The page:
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/* COM/2010/0636 final */
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Brussels, 15.11.2010

COM(2010) 636 final


European Disability Strategy 2010-2020:

A Renewed Commitment to a Barrier-Free Europe

{SEC(2010) 1323}

{SEC(2010) 1324}


European Disability Strategy 2010-2020:

A Renewed Commitment to a Barrier-Free Europe


1. Introduction (...)3

2. Objectives and actions (...)4

2.1. Areas for action (...)5

2.2. Implementation of the Strategy (...)9

3. Conclusion (...)11

1. Introduction

One in six people in the European Union (EU) has a disability [1] that ranges from mild to severe making around 80 million who are often prevented from taking part fully in society and the economy because of environmental and attitudinal barriers. For people with disabilities the rate of poverty is 70 % higher than the average [2] partly due to limited access to employment.

Over a third of people aged over 75 have disabilities that restrict them to some extent, and over 20 % are considerably restricted [3]. Furthermore, these numbers are set to rise as the EU's population ages.

The EU and its Member States have a strong mandate to improve the social and economic situation of people with disabilities.

· Article 1 of the Charter of Fundamental Rights of the EU (the Charter) states that ‘Human dignity is inviolable. It must be respected and protected.’ Article 26 states that ‘the EU recognises and respects the right of persons with disabilities to benefit from measures designed to ensure their independence, social and occupational integration and participation in the life of the community.’ In addition, Article 21 prohibits any discrimination on the basis of disability.

· The Treaty on the Functioning of the EU (TFEU) requires the Union to combat discrimination based on disability when defining and implementing its policies and activities (Article 10) and gives it the power to adopt legislation to address such discrimination (Article 19).

· The United Nations Convention on the Rights of Persons with Disabilities (the UN Convention), the first legally-binding international human rights instrument to which the EU and its Member States are parties, will soon apply throughout the EU [4]. The UN Convention requires States Parties to protect and safeguard all human rights and fundamental freedoms of persons with disabilities.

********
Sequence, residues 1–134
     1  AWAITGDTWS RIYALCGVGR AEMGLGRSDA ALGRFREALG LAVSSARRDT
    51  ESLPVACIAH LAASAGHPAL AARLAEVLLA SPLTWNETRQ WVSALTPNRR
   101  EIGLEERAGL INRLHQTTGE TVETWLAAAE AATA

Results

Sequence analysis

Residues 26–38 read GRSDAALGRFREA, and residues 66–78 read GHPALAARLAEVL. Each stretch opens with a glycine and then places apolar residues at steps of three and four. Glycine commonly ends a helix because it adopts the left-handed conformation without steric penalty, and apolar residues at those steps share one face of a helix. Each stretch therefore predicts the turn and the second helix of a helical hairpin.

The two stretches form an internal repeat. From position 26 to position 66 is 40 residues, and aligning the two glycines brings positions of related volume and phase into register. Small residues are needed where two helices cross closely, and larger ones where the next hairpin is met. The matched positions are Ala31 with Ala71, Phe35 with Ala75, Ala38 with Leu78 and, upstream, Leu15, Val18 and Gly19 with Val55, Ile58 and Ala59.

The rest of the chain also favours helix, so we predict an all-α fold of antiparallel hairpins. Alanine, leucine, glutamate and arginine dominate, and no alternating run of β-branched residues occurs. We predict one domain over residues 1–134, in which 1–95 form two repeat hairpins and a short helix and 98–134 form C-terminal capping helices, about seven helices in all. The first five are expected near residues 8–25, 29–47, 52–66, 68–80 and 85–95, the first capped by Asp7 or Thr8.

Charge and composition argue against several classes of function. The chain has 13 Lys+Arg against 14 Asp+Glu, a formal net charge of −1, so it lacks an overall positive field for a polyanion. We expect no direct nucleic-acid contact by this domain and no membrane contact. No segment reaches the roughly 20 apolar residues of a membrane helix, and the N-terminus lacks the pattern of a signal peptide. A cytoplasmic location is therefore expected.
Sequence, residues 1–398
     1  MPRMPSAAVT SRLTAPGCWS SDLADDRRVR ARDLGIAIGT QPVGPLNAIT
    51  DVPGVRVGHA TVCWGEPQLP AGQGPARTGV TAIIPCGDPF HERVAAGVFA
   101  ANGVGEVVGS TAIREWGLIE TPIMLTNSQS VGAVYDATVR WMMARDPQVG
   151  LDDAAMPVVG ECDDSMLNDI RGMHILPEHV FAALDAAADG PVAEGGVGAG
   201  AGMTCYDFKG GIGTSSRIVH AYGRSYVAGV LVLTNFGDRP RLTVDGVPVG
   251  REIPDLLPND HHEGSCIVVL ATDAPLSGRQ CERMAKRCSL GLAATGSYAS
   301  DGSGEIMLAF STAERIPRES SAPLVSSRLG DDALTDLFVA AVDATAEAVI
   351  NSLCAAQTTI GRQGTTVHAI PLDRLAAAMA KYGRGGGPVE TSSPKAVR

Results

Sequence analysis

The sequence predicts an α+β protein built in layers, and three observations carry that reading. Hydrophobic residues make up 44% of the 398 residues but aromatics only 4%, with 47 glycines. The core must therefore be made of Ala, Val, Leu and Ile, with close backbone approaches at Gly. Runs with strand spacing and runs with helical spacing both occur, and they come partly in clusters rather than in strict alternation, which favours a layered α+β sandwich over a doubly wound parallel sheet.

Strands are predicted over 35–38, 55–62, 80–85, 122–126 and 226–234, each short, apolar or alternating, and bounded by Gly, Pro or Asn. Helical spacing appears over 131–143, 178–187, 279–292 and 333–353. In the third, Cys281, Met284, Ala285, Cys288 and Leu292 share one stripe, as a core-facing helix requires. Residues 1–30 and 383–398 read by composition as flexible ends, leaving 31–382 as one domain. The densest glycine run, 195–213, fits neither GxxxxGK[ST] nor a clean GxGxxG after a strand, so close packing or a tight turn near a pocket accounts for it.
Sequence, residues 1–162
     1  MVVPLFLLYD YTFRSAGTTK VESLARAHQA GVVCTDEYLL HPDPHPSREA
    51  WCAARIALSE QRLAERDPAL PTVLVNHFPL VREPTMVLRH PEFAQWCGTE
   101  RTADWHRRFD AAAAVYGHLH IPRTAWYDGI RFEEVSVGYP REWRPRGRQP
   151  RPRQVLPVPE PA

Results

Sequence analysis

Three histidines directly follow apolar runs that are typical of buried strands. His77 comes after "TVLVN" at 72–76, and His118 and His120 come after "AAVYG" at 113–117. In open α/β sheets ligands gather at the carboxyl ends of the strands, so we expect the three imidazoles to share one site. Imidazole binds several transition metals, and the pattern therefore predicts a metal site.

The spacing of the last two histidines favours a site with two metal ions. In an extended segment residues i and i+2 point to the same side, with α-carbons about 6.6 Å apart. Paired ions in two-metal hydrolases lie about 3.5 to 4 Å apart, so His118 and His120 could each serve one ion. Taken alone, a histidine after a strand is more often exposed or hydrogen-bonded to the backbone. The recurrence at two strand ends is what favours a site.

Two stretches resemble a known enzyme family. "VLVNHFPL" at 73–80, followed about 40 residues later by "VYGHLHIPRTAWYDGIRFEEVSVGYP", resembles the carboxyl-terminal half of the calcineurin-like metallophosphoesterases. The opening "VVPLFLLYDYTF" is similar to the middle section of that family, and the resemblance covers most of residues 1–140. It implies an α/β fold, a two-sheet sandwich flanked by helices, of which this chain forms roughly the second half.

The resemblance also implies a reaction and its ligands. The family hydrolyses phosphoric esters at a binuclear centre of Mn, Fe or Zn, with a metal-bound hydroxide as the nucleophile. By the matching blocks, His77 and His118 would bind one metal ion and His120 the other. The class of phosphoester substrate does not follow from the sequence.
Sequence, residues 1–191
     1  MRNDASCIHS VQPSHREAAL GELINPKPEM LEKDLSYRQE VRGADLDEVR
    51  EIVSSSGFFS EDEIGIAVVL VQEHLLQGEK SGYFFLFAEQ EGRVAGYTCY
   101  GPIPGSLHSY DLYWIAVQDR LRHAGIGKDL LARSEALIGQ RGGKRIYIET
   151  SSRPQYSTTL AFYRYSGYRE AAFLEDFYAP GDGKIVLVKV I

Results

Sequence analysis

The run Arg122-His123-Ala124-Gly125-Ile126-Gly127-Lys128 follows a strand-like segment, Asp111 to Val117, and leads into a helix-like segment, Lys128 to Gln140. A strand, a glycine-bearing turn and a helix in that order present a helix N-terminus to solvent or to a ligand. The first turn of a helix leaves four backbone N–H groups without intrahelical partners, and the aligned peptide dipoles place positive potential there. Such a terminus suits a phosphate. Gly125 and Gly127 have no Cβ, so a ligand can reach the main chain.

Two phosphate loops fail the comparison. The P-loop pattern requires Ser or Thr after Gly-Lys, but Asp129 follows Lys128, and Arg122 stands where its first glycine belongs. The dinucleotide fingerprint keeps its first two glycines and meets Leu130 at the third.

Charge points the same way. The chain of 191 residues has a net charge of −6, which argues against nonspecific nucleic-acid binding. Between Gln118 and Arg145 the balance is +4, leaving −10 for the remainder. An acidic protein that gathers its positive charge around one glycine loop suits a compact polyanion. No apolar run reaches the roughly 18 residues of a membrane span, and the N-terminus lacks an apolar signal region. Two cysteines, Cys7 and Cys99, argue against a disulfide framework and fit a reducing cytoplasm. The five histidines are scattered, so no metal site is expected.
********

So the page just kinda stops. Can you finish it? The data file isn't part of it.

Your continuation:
According to the UN Convention, people with disabilities include those who have long-term physical, mental, intellectual or sensory impairments which in interaction with various barriers may hinder their full and effective participation in society on an equal basis with others.

The Commission will work together with the Member States to tackle the obstacles to a barrier-free Europe, taking up recent European Parliament and Council resolutions [5]. This Strategy provides a framework for action at European level, as well as with national action to address the diverse situation of men, women and children with disabilities.

Full economic and social participation of people with disabilities is essential if the EU’s Europe 2020 strategy [6] is to succeed in creating smart, sustainable and inclusive growth. Building a society that includes everyone also brings market opportunities and fosters innovation. There is a strong business case for making services and products accessible to all, given the demand from a growing number of ageing consumers. For example, the EU market for assistive devices (with an estimated annual value of over € 30 billion [7]) is still fragmented, and the devices are expensive. Policy and regulatory frameworks do not reflect the needs of people with disabilities adequately, neither do product and service development. Many goods and services, as well as much of the built environment, are still not accessible enough.